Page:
Getting started with the right attitude
Many people who are thinking about starting a webcomic for the first time have a lot of questions. Where should they publish? What social-media networks work best? How long before they’re able to launch a Patreon? But there’s a very important issue that’s just as important as these — if not moreso. And it’s a question almost none of them ask:
What are my expectations?
Starting with the right attitude
Let’s start here: You’re probably not very good — especially if this is your first time out.ven if you’re a decent artist and a better-than-average writer, you’ve got a lot to learn about your comic. And it’s going to be a learning process that’s completely unique. No one else will be able to tell you “just do this” and guarantee the same outcome they had.
So, perhaps it’s not fair to say you’re not good. It might be more accurate to say: You’re not as good as you’re going to be after you’ve been diligently doing this for quite a while.
I would estimate that 75% of new webcomics miss their full potential because the creator is a better artist than they are a writer. (If they’re doing humor, that number rises to 90%.) The fact of the matter is, you’re going to need time to find your voice as a cartoonist. And that’s OK. We all started out as people who needed to get better — even those folks who seem to be “overnight successes.”
However, if you don’t allow yourself that learning curve, you’ll fall into an easily recognizable pattern:
- Your comic isn’t becoming as popular as you’d envisioned
- You look for reasons — social media tricks, SEO strategies, gimmicks, schemes, etc.
- When you apply any one of these, you get inconsistent results because it’s not about the gimmick, it’s about the comic
- You reassess and realize you’re still not as popular as you’d envisioned
Worse yet, you see other people who have made it, and you have no idea why that isn’t you. You might even feel as if your work is better than theirs. But they found a way to connect with their audience, and that’s all that matters.
Unfortunately, the longer you look outwardly for the answers — searching for magic hashtags and secret formulas — the longer you’re ignoring the real reason you’re falling short.
You’re not good… yet.
It’s nearly impossible to hide a good comic on the Internet. If your comic was done at a high enough quality, you’d be generating the readership you’re after. And until you turn a critical eye to your own work (and stop looking for that one, weird trick to SEO master), you’re never going to find it.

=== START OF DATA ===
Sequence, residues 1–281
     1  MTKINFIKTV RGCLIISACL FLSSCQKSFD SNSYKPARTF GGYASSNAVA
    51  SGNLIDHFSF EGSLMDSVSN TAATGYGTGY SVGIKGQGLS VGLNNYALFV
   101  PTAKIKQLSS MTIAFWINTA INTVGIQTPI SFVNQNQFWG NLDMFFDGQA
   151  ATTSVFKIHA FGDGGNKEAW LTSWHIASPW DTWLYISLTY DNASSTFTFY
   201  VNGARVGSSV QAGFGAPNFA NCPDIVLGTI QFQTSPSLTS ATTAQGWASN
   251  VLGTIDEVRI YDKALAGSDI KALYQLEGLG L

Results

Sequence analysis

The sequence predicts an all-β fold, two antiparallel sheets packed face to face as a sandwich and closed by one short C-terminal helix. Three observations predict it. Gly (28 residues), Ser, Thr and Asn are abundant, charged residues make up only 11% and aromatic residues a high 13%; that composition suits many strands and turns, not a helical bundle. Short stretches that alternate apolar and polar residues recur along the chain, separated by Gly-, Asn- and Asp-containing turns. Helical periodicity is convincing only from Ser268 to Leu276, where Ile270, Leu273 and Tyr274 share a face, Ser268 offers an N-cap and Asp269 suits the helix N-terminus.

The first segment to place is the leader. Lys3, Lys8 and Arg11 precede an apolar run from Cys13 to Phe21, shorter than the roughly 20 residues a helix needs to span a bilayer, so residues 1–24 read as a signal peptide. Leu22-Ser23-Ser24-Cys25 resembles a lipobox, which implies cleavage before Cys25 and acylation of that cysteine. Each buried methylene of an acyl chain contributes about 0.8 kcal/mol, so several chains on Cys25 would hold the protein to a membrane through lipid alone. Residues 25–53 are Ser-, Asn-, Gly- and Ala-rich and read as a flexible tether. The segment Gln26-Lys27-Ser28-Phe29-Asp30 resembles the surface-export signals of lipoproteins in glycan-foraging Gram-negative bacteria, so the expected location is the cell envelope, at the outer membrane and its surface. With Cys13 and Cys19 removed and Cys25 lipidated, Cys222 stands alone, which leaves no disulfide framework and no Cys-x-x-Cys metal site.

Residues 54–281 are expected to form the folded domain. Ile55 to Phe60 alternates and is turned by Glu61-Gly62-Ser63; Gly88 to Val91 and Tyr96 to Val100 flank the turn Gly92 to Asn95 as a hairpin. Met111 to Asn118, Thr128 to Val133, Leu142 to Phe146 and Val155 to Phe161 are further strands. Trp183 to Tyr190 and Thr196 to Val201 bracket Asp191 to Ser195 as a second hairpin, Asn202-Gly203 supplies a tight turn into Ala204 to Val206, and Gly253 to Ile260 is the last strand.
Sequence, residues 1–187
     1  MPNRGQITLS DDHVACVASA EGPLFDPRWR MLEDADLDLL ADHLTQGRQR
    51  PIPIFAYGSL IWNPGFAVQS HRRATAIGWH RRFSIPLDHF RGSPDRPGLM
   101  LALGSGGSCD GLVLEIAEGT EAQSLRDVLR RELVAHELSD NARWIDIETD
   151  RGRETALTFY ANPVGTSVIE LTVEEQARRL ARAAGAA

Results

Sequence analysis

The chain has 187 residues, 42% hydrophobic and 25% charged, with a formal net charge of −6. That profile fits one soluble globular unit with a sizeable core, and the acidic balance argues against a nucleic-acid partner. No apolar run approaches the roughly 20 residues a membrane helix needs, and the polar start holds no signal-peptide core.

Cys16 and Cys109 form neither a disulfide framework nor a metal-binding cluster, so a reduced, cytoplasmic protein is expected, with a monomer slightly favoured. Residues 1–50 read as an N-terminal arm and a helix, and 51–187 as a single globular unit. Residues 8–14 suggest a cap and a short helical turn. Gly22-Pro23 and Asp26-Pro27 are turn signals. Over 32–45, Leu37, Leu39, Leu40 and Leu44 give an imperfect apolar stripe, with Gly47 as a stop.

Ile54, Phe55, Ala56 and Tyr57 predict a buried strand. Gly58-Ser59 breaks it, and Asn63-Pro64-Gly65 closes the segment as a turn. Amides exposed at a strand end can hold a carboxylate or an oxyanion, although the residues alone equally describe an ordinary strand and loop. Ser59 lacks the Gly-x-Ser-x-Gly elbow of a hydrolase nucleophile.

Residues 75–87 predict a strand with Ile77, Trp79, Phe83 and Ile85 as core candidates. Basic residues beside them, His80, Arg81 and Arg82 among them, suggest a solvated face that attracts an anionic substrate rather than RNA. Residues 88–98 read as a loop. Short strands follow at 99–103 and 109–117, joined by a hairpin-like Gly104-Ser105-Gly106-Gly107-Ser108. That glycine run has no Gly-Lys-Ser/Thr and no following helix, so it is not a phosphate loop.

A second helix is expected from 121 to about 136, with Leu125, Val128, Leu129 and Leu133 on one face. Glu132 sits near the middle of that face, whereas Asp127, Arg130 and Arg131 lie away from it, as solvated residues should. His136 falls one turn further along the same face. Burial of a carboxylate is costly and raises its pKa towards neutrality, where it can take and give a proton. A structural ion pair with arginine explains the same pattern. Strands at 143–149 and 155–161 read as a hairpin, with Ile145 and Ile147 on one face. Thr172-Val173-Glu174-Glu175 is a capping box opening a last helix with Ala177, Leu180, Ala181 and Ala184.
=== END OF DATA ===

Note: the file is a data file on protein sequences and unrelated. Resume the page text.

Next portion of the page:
It’s painful to watch, but there are folks who have been doing comics for ten years or more, and they still haven’t realized this. You’ll see them on social media, listing all their excuses — all the reasons they haven’t “made it” yet. They’ll tell you they just didn’t launch during the right year, or that the Internet has a predisposition against the kind of comics they do.
Yet, when you go to their sites to see their work, it’s alway the same: Decent art / poor writing.
It’s frustrating because they’ve had the time to get better. They could have achieved their goals by now. They could have it. They’re still not good yet because they haven’t been working on getting good. They’ve been looking for gimmicks.
They’ve wasted years — many, many years – looking in the wrong direction.
I remember sitting down with Robert Khoo, who was the business manager of Penny Arcade at the time. I was disappointed. My webcomic, Greystone Inn, wasn’t as popular as I thought it should be. One of the best brains in webcomics was sitting in front of me, and by golly, I wasn’t going to waste my chance.
“I feel like my comic could really take off if I could get more people to just… try it. How can I do that?”
His answer was characteristically direct, honest… and accurate: “You have exactly the readership you’ve earned.”
He went on to say that, in his opinion, that was the case for nearly every comic. It was generating readers at a direct proportion to its quality. As the comic got better, the readership grew. All of that other stuff — social media, SEO, crowdfunding — could help maximize a comic’s reach. But until the comic itself improved, those things wouldn’t make a very big impact.
I took those words to heart, and I started really examining my own work — where it was strong, and where I could do better. And reassessing those points on a regular basis. I started putting less emphasis on outward things, and I started focusing more on the comic itself.
I’m still trying to get better at my comic. But I’m confident I’m on a better path than the one I had been traveling.